14 INTRODUCTION Finally a comprehensive investigation of the relevant noise sources in atom interferometers is presented in Chapter 4. The scheme for the detection of the excitation probability based on a standing wave is introduced, which has advantages compared to the previously used propagating wave configuration. Finally, the improvements obtained with these measures are evaluated by using Ramsey-Bordé interferometry. 6

15 RAMSEY-BORDÉ ATOM INTERFEROMETRY. Ramsey-Bordé atom interferometry.1. Theoretical outline In analogy to optical interferometers, atom interferometers require coherent beam splitters and mirrors for matter wave. They are realised by the interaction of an atom with a resonant laser beam. The absorption or stimulated emission of a photon leads to a coherent superposition of partial waves of the ground and excited state and a change of the momentum. A suitable application of several interaction zones, which split, deflect, and recombine the atomic wave function, results in atom interferences. In the subsection.1.1 the formalism describing the interaction between a laser beam and an atom is developed. In the following subsections the symmetric and asymmetric atom interferometers are introduced and their distinctions are discussed. The phase shift of the interferometric signal is derived Atom-light interaction In the following the interaction of a two-level atom with momentum p 0 with a plane wave with wavevector ± k is described in the rotation-wave-approximation (RWA) [bor84]. The atomic wave function Ψ can be expanded in terms of the momentum eigenstates of the ground g and excited e states ( m ± 1) h k + a g p + mhk Ψ = bm ± 1 e, p0 + m, 0. (.1 ) The number m represents the number of photons exchange in the precious interaction zones with the laser beam of the direction ± k. The time development of the quantum system can be described by means of a x matrix M [bor84]: b a with the unitary matrix m± m 1( t0 τ ) ( t + τ ) 0 = e ( τ, ϕ) b a + iω τ / m± 0 M ( ϕ) = iϕ Ce D m 1( t0 ) ( t ) 0, (. ) iϕ A Be M τ,. (.3 ) In RWA frame, the components of the matrix are in case of rectangular excitation pulses of duration τ The coefficients A = D * B = C Ωeff τ Δ = cos + i Ω * Ω = i Ω res eff m eff Ωeffτ sin Ωeffτ sin. (.4 ) 7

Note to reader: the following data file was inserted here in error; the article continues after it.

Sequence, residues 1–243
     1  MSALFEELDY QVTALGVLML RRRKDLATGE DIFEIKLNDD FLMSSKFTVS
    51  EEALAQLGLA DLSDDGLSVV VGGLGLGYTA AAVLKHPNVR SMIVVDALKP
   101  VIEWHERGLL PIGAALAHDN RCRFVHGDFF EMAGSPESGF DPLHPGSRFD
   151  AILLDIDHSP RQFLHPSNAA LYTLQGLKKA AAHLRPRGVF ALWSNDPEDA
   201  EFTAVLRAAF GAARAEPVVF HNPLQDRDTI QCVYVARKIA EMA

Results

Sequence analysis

16 RAMSEY-BORDÉ ATOM INTERFEROMETRY vν Δ Ca m = π ν L ν Ca m + c Ωres = Ωeff = 3c γ I, 3 πhν Ca Ωres + Δm ( m m 1) δrec, (.5 ) are the effective detuning Δ m between the frequency of the atomic transition ν Ca and the frequency of the interrogation laser ν L seen by the atom, the resonant Rabi-frequency Ω res and the effective Rabi-frequency Ω eff for the non-resonant interaction with the laser pulses. The detuning Δ m takes into account not only the detuning of the laser but also the Doppler-shift due to the velocity of the atom and the photon recoil δ due to exchange photons in previous interaction zones. The photon recoil is given by and amounts to δ rec = 3.1 khz. hν δ Ca rec = (.6 ) mcac The excitation probability depends on the intensity I of the laser field, the duration of the excitation pulse τ and the detuning Δ m. These parameters can be chosen in a such way that the excitation pulse acts as a 50% beam splitter ( Ω res τ = π /, i.e. a π/-pulse) or a mirror ( τ = π, i.e. a π-pulse), resulting in a population inversion. Ω res The instantaneous phase of the laser beam at the points of interaction is imprinted on the phase of the atomic wave function. The phase of the i th interaction zone is given by the phase of the laser field at the position r i and at the time t i as: i ( ki ri πν Lti ϕi ) φ = ± + (.7 ) The sign is negative in case of absorption and positive in case of stimulated emission, φ i is an additional phase shift of the laser field (e.g. imprinted through an additional phase shifter in the experiment). Between the interaction zones during the dark time T a free evolution of the atomic wave function occurs. This is described using (.)-(.4) with Ω = 0 b a m m ± 1( t0 T ) ( t + T ) 0 = e e b a + iδ mt / iω / 0 ± 0T m iδ mt / 0 e m 1( t0 ) ( ) t0. (.8 ) Due to their different internal energies the ground and the excited state accumulate different phases during the dark time. Using (. ) and (.8 ) all possible interferometer geometries can be described. As an example we consider the method of separated oscillatory fields that was developed by Ramsey [ram50] for the microwave domain. It consists of two identical π/-pulses. The interference signal is proportional to ( 1+ cos( π ( Δ δ υ λ) T + ( φ φ1 ))) and periodic in υ T / λ, where υ is the velocity of atoms. The interference fringes are preserved when σ υ T < λ, with σ v the width of the velocity distribution. In the opposite case the velocity distribution averages out the fringes (so-called Doppler-dephasing). In the optical atom interferometer, in general the latter case is observed because of the smaller wave length of the laser field compared to that of the microwave field. The velocity distribution of an atomic ensemble of cold atoms is bigger than the interaction 8